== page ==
(In Brief) Twentieth Century Architects

A list of powerhouse personalities with a Modernist bloodline.
Selections from copywriting artist biographies in 140 words or less; originally written for Artsy.net. ◊◊

 

LUDWIG MIES VAN DER ROHE
German, 1886-1969

Ludwig Mies Van Der Rohe (known primarily by his surname) was a highly prolific architect, considered by historians to be one of the most important of the 20th century, and one whose work left a legacy in architectural theory. His designs were known for their emphasis on open spaces and function over ornamentation, and his favored materials were basic and utilitarian: steel, concrete, brick, and glass. He famously told a graduating class of designers: “You have to build up the world you want to live in.” Mies studied with Peter Behrens, working alongside Le Corbusier and Walter Gropius. He also served as the director of Bauhaus, and designed objects and furniture, including the iconic Barcelona Chair.

LE CORBUSIER
French-Swiss, 1887-1965

Le Corbusier was visionary writer, theorist, and architect, and a lesser-known painter. Born Charles-Édouard Jeanneret, he adopted his moniker when he began to author architectural designs and paintings. He had a fascination with proportion, modularity, and geometry, often taking his cue from classical architecture theory. His designs, however, were modernist and industrial. He fondly called houses “machines for living in,” and said that the basic principal for design is that “it must be beautiful.” Le Corbusier was interested in solving what he called the problem of urban co-habitation, and produced a great number of designs for apartment buildings. Le Corbusier worked at the atelier of Peter Behrens, the training grounds of other architectural masters like Mies van der Rohe and Walter Gropius.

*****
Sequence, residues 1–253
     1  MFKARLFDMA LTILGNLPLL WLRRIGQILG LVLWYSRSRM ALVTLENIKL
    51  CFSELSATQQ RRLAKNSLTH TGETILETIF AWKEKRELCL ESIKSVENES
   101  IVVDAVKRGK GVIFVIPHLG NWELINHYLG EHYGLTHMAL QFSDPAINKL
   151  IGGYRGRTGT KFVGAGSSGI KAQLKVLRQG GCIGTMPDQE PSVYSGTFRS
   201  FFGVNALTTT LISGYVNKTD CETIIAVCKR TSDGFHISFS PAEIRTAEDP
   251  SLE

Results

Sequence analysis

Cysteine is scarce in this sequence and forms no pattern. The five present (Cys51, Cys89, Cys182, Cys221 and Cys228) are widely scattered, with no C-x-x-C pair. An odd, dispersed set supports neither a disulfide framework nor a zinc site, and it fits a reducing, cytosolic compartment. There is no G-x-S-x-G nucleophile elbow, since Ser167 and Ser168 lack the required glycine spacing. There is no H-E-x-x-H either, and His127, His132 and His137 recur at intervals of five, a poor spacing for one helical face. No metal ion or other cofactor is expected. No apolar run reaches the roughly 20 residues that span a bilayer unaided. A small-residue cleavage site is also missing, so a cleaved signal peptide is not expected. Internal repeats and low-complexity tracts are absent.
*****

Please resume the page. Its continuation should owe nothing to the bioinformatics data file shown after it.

ZAHA HADID
Iraqi-British, born 1950

Zaha Hadid is a prolific and visionary architect and designer, as well as the only female recipient of the Pritzker Prize for Architecture since its 1979 inception. Hadid’s structures are famous for their use of fragmented geometry and multiple entry points to the effect that a building looks different from various perspectives. She explains: “It’s all about promenading, being able to pause, to look out, look above, look sideways.” Hadid, who has a background in mathematics, studied at the Architectural Association in London, which is famous for its rejection of post-modern styles of architecture in favor of classic modernism. There, she worked under Elia Zenghelis and Rem Koolhaas, the latter of whom would become her first employer.

Leave a Reply